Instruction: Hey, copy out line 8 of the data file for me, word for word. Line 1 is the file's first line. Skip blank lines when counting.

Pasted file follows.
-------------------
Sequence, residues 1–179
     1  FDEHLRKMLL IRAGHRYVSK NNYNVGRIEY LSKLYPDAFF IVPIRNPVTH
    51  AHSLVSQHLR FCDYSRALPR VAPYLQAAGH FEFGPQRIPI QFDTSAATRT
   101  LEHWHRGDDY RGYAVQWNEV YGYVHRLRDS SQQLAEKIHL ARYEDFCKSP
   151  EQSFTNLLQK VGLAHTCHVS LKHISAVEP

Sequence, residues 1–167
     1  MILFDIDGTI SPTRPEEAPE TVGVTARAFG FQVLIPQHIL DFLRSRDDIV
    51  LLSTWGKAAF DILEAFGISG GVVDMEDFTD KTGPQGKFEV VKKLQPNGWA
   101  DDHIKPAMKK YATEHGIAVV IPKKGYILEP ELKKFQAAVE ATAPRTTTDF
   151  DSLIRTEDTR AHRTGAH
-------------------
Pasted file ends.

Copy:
    51  LLSTWGKAAF DILEAFGISG GVVDMEDFTD KTGPQGKFEV VKKLQPNGWA